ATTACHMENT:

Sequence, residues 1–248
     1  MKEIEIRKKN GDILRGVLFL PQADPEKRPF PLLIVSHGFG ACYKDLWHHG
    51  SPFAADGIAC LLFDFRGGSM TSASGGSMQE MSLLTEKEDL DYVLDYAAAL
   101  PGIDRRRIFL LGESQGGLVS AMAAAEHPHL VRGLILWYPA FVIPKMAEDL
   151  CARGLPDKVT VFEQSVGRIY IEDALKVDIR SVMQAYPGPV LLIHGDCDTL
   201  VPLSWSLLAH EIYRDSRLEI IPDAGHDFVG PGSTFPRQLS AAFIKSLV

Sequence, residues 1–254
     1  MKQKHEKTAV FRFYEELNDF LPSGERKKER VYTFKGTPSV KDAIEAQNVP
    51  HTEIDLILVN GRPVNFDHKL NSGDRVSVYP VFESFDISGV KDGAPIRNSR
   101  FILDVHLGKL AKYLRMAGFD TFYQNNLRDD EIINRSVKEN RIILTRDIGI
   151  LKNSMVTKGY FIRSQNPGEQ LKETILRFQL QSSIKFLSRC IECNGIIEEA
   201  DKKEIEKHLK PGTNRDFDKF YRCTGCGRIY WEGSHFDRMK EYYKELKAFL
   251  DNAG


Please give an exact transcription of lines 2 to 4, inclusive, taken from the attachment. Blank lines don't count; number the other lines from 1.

     1  MKEIEIRKKN GDILRGVLFL PQADPEKRPF PLLIVSHGFG ACYKDLWHHG
    51  SPFAADGIAC LLFDFRGGSM TSASGGSMQE MSLLTEKEDL DYVLDYAAAL
   101  PGIDRRRIFL LGESQGGLVS AMAAAEHPHL VRGLILWYPA FVIPKMAEDL